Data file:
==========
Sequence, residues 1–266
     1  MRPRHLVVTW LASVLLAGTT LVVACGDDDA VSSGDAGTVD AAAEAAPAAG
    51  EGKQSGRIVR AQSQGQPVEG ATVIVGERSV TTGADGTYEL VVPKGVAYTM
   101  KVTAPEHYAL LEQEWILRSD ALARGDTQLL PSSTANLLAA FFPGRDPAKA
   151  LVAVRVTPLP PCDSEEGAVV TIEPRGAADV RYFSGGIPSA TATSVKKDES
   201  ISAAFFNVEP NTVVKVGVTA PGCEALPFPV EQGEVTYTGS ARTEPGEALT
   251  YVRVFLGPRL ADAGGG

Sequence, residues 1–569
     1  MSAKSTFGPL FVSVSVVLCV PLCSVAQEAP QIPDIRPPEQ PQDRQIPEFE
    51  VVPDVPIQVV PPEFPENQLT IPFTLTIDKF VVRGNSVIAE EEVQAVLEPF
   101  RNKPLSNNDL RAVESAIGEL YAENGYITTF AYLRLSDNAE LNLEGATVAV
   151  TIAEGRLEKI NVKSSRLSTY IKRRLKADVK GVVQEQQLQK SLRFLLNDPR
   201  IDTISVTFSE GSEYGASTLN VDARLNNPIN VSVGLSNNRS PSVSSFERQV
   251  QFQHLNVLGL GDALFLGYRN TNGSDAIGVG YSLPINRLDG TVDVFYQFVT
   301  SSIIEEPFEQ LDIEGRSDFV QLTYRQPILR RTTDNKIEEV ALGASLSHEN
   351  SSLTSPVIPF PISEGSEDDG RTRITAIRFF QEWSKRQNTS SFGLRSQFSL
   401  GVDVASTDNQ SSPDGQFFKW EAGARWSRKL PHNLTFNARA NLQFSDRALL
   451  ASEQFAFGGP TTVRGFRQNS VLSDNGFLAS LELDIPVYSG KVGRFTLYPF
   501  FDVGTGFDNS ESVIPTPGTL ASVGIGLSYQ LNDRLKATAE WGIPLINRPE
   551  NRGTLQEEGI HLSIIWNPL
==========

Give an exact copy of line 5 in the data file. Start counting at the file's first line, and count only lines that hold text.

   151  LVAVRVTPLP PCDSEEGAVV TIEPRGAADV RYFSGGIPSA TATSVKKDES